Always remember that you get to define the sexual intimacy in your life. You get to figure out what it looks like. You don’t have to give it up just because penetrative sex is not there. You don’t have to adhere to society’s limited views on sexual intimacy being penetrative sex alone.

You really get to decide what you want your amazing sex life to look like for you. And that can be without penetrative sex, right? You get to get creative, and you get to have lots of fun with this.

Okay Diamonds, there you have it. Let me summarize for a second. When dealing with your partner’s sexual dysfunctions, such as erectile dysfunction, or ED, take the time to grieve the loss of your past sexual intimacy. Stop blaming yourself and have compassion for yourself. Work on accepting the current situation. Understand that your partner’s responsible for dealing with their issues and that you also can’t force a person to do something that they don’t want to do.

But you do need to accept what’s happening at this moment. Ask yourself what you want to think and do in this situation. Remember to preserve the intimate touch and the communication, keep that going. And then finally remember that you get to define sexual intimacy for yourself.

And one last note; don’t give up. Keep working on it. Keep talking. Keep figuring it out. Okay Diamonds, that’s what I have for you this week.

To celebrate the launch of the Midlife Sex Coach for Women Podcast I’m going to be giving away a $50 Amazon gift card to five lucky listeners who subscribe, rate, and review the show on Apple Podcast. It doesn’t have to be a five-star review, although I would really love it if it were a five-star review, but more importantly I want your honest feedback so I can create an amazing show that provides tons of value.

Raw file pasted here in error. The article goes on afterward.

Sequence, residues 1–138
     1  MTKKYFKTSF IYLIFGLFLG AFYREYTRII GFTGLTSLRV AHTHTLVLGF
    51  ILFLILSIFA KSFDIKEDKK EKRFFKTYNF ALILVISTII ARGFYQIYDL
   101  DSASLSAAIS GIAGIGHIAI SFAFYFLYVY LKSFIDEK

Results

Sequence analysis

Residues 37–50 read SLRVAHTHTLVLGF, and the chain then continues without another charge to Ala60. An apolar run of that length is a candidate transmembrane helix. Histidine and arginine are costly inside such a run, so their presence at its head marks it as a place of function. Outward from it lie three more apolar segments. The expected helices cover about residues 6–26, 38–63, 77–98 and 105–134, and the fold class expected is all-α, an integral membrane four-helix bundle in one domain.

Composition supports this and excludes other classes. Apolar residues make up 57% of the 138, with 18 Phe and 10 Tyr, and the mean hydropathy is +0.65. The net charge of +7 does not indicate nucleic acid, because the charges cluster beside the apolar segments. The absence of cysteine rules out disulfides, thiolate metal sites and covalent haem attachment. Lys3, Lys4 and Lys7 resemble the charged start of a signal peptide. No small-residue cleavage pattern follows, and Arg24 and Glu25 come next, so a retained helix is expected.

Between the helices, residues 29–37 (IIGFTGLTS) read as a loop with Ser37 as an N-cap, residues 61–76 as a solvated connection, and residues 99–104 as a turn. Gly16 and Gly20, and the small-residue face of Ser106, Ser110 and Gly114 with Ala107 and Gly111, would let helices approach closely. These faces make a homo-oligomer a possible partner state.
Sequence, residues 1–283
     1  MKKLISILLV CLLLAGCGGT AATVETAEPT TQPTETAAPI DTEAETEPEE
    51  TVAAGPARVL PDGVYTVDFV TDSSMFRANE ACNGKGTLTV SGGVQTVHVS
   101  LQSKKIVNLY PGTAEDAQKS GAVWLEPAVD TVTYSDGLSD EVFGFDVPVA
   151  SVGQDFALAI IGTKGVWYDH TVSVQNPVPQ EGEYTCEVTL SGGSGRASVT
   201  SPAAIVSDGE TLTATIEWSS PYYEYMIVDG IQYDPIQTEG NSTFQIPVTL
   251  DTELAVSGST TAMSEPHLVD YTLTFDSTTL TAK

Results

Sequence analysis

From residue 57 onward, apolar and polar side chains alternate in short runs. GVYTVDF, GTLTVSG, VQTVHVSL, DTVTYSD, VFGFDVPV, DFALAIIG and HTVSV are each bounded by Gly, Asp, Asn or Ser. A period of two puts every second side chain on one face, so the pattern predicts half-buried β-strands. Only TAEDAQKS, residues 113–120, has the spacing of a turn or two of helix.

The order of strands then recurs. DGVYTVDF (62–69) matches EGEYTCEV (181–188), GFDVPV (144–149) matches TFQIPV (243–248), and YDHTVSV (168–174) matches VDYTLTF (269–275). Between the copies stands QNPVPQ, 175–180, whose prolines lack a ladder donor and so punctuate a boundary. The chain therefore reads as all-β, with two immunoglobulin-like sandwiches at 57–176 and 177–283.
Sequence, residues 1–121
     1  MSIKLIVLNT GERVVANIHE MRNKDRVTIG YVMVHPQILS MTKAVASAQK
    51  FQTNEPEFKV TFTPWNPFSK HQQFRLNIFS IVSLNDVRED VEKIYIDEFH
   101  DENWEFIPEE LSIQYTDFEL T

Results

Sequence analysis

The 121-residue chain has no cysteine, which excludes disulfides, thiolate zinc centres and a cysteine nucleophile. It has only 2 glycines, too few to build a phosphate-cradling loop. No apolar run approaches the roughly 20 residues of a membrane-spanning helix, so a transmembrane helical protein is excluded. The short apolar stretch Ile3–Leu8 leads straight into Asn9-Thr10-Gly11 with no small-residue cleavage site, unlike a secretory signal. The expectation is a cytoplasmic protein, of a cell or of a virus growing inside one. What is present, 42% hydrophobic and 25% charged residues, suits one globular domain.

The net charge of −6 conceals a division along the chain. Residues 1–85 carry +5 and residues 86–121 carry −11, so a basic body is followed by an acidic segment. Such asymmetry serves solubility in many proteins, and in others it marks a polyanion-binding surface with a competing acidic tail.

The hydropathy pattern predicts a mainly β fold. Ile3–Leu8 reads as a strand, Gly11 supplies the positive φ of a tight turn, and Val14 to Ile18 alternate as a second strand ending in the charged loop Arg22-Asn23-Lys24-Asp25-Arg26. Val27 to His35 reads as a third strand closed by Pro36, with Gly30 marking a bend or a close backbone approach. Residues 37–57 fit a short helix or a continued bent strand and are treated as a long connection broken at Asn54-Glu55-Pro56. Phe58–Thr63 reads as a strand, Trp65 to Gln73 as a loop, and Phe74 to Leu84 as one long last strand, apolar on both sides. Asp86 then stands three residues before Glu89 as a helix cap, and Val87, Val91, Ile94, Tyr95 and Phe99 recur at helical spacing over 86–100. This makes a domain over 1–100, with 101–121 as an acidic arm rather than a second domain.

Visit www.soniawrightmd.com/podcastlaunch to learn more about the contest and how you can enter. I’ll be announcing the winners on the show in an upcoming episode.

Okay, that’s all for now, see you next time Diamonds.

Thanks for listening to this week’s episode of the Midlife Sex Coach for Women Podcast. If you enjoy Dr. Sonia’s fun and caring approach to sexual intimacy, head to soniawrightmd.com to learn more.

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About

Sonia Wright MD

Hi, I’m Dr. Sonia Wright and I’m YOUR SEX COACH! I’m on a mission to end the pain and isolation associated with sexual difficulties and to help women create satisfying sex lives.